The results from three different specifications of the error term in eq. (49) are gathered in Table 1. Based on the likelihood criteria, the favoured model is (ii), with I(1) errors and autocorrelation in its innovations (see optimisation results in Appendix B). The estimated time series is displayed on Figure 7. The depreciation coefficient equals 0.96 which is consistent with the value estimated for communication equipment from the annual hypothesis of the permanent inventory method. The standard deviation of the errors is smaller than 3 (million euro of 2005) while for comparison, the standard error of the quarterly changes in investment is larger than 40 (million euro of 2005). Figure 8 shows the contribution of the error and the investment to quarterly changes in capital. The contributions correspond to the three terms in the general solution (16), respectively the contributions of the flow indicator (investment), the residual and the initial value. The contribution of the residual is consistently negative yet the underlying innovation has a mean statistically not different from 0. This contribution is due in part to the high autocorrelation of the residual itself but also to the high autocorrelation of the model itself which affects the contribution through the multiplication by the inverse of IdM4 in eq. (16). As for the contribution of the initial value, similarly to a first order moving average it is gradually declining to 0. It is compared with a counter-factual interpolation without indicator. As expected the error accounts for a smaller share of the result and its volatility than investment.

Quarterly investment in divisions 26 and 27 of NAF rev2 (classification of products) is 5 to 10% smaller than the annual investment time series corresponding to computers and communication equipment (assets AN.111321 and AN.11322 in Eurostat’s classification of assets). One would thus expect ν to be larger than one. Yet, the estimated value of ν is close to one, indicating that there is depreciation of the equipment during the first period when it is purchased, which is consistent with the method used for the annual counterpart. This result shall be kept in mind by macro-economists when writing the dynamics of capital in a model.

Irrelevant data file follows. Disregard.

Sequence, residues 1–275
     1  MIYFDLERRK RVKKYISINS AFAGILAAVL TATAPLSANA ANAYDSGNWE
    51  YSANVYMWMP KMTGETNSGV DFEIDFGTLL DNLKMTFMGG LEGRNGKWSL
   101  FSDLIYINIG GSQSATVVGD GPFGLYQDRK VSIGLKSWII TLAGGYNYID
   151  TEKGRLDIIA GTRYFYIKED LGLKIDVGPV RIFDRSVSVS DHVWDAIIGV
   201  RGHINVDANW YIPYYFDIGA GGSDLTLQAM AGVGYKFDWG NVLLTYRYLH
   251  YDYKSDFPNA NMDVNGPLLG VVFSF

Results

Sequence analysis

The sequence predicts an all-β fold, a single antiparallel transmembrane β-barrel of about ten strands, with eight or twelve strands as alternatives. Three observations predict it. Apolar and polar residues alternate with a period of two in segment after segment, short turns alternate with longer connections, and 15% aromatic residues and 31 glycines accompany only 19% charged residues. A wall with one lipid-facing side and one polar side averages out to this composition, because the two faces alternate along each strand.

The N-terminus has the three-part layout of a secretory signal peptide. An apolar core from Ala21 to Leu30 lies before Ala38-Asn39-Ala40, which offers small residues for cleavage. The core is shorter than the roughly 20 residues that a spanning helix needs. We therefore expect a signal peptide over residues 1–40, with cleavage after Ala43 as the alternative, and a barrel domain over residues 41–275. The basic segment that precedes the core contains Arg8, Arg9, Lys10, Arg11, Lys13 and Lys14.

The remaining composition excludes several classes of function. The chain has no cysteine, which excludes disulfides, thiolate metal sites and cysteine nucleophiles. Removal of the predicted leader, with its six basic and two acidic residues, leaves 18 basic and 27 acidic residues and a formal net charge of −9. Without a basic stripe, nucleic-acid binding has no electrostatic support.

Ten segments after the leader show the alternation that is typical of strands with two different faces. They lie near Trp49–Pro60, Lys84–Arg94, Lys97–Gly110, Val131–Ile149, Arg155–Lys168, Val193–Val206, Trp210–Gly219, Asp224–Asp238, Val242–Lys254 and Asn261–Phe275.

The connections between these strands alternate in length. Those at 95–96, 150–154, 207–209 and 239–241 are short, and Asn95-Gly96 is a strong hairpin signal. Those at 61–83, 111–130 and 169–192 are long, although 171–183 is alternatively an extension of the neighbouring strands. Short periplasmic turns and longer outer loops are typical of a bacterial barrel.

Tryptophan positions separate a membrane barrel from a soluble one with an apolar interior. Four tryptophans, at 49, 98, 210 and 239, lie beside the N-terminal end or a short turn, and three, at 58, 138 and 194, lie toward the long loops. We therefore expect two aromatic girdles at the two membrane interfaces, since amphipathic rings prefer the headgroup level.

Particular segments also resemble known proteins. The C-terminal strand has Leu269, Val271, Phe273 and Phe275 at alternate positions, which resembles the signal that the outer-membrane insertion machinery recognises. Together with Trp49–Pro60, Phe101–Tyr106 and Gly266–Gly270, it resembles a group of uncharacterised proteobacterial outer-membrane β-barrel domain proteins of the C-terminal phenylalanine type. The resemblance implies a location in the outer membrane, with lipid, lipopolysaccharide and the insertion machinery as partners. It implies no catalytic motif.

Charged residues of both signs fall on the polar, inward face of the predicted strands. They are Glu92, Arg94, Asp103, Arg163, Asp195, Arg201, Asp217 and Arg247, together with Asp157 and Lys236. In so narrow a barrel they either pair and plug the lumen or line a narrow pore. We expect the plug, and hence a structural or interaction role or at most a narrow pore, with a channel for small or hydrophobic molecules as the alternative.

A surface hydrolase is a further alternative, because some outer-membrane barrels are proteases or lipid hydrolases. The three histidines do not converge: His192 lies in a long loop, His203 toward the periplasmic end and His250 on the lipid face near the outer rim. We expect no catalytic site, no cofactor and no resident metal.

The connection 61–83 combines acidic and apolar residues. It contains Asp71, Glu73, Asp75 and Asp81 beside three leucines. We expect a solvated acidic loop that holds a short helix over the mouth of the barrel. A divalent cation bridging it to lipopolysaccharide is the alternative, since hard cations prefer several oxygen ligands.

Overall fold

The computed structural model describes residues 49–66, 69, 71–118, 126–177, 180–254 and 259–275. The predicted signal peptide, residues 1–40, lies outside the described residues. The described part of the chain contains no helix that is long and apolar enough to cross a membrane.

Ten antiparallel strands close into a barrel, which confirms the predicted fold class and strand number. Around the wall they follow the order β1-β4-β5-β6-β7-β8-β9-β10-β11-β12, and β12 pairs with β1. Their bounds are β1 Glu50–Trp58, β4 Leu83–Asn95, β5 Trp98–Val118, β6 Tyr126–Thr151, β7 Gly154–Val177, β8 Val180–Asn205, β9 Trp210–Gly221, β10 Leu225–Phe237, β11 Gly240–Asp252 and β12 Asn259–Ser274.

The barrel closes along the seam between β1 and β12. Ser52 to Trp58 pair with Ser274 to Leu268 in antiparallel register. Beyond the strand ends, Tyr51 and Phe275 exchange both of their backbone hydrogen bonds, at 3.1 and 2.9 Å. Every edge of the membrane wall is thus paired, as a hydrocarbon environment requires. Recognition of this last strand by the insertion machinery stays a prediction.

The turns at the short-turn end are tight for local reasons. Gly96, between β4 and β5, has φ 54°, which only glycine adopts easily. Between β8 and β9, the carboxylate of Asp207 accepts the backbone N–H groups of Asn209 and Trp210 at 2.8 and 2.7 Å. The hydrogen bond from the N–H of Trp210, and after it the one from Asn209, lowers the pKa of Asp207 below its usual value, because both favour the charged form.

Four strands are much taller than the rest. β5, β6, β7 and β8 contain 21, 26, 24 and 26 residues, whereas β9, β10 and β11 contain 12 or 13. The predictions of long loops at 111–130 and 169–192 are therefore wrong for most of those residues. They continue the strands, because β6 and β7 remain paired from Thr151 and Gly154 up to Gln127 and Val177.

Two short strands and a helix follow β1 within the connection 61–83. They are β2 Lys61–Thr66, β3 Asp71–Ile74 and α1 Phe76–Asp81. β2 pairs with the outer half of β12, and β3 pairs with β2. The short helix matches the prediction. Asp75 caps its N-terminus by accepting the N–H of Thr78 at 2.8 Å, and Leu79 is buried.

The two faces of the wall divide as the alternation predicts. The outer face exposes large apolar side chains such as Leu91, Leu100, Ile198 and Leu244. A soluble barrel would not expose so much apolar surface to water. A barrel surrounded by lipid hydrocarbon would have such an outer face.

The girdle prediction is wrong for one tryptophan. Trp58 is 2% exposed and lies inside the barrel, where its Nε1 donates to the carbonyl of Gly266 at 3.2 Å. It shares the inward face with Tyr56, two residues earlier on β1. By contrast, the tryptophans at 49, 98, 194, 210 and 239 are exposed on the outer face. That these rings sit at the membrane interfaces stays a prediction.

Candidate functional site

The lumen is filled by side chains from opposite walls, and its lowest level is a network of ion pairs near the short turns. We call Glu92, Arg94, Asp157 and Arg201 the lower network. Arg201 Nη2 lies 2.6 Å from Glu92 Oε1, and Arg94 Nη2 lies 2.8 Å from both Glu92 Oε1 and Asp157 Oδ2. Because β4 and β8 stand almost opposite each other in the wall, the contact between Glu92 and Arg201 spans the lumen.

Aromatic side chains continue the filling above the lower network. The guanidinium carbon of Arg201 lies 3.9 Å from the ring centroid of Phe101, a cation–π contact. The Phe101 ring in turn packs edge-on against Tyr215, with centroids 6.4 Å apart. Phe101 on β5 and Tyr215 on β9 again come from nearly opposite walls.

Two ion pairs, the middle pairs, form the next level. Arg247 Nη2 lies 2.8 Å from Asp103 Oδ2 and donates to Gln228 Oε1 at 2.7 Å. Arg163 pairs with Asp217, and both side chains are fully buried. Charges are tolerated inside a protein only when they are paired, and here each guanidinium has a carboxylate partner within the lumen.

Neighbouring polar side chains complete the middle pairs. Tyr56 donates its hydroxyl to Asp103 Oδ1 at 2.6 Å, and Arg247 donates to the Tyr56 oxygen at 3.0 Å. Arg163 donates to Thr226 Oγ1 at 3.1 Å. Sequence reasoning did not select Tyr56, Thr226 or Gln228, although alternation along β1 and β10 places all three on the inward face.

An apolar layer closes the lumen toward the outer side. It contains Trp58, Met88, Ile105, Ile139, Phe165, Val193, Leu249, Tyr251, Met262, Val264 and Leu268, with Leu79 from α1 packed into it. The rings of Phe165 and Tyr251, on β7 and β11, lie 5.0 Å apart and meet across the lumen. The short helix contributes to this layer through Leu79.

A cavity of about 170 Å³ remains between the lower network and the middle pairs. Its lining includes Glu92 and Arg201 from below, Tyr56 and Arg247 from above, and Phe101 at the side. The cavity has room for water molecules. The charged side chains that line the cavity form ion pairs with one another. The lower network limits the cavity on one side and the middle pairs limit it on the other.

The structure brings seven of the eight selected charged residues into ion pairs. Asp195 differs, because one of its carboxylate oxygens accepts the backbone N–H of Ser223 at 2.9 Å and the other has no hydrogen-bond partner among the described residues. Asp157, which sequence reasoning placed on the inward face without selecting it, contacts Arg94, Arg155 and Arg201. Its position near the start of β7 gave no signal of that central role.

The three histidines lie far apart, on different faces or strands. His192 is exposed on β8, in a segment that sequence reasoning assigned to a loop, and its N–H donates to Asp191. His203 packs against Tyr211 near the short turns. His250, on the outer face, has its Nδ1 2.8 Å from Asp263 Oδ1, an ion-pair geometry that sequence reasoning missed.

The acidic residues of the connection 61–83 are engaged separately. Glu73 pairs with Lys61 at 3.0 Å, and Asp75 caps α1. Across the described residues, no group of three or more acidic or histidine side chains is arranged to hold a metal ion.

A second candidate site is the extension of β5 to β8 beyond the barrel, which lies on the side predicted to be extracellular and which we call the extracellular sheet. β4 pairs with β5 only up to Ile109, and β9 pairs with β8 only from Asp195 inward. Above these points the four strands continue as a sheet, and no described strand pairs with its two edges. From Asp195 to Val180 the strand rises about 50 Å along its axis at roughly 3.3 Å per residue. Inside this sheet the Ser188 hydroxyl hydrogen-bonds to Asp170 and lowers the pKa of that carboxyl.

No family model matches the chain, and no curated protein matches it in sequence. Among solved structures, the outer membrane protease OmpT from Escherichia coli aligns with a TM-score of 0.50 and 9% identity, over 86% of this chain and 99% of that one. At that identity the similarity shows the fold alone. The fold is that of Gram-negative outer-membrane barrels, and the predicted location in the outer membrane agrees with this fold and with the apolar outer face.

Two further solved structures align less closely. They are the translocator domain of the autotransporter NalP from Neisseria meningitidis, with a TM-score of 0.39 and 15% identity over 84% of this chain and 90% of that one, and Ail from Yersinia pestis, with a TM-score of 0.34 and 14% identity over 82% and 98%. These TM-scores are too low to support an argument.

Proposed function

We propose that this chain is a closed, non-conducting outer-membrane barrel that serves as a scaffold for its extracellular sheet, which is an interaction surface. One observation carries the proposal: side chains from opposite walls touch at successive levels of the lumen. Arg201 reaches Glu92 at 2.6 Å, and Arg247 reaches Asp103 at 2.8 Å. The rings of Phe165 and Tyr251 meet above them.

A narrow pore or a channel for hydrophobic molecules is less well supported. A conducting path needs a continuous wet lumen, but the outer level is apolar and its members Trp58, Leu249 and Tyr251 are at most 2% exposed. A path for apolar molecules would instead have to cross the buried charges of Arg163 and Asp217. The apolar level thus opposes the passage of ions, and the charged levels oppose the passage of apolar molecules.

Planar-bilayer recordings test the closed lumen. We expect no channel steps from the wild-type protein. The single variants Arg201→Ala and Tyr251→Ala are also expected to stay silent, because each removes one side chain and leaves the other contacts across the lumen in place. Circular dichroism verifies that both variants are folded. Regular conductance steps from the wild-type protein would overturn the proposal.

Quarterly capital of non-financial corporations in computers and communication equipment.
Figure 7

Quarterly capital of non-financial corporations in computers and communication equipment.

Quarterly capital of non-financial corporations in computers and communication equipment (Quarterly Changes).
Figure 8

Quarterly capital of non-financial corporations in computers and communication equipment (Quarterly Changes).


A Proofs

Proof to proposition 1 The optimization program can be rewritten:



The first-order condition of this program reads, with λ the corresponding Lagrange multiplier:


From this system, one can isolate λ=M2ΩM21Θ and consequently E=ΩM2M2ΩM21Θ.

Proof to proposition 2 Since solution (10) holds and verifies the constraint eq. (9), one can eliminate the constraint from the program and replace:





since Ω and Ωθ are symmetric.

Proof to proposition 3 The program can be rewritten:





The Lagrangian of this program is:


with CM2T1 the first column of M2T, i.e. a (N×1) vector of 1ρf1ρ and M2T the other columns. The minimization yields :




From this system, one can isolate ε1=CM2T1M2TΩηM2T1ΘCM2T1M2TΩηM2T1CM2T1 and dE=ΩηM2TˆM2TΩηM2T1ΘCM2T1ε1. Once ε1 and dE are known, it is straightforward to compute E using matrix T.

B Numerical Results of the Maximization

The Hessian matrix at the optimum when minimizing the opposite of the log-likelihood of the I(1) model reads:


Its eigenvalues are 40206821, 12028, 1500 and 78.

Log-Likelihood on capital data for the I(1) at the optimum as a function of ρ$\rho$, μ$\mu$, ν$\nu$ and σ$\sigma$.
Figure 9

Log-Likelihood on capital data for the I(1) at the optimum as a function of ρ, μ, ν and σ.


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  • 1

    The most commonly known artifact is with white noise residuals, a jump every first quarter, which is recalled by Figure 3b. 

  • 2

    F may encompass more than one flow indicator (e.g. new registrations of trucks and a measure of purchases of new machineries) and can imperfectly measure the flows (hence the vector of coefficients γ in eq. 2). 

  • 3

    If both S and F were observed at high frequency, one would use eq. (2) to isolate the residual and maximize its likelihood. In an interpolation (or disaggregation) problem, only eq. (5) can be known about the residual and its likelihood maximization has to be adapted accordingly. 

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Published Online: 2017-08-26

Citation Information: Journal of Time Series Econometrics, Volume 10, Issue 1, 20160007, ISSN (Online) 1941-1928, DOI: https://doi.org/10.1515/jtse-2016-0007.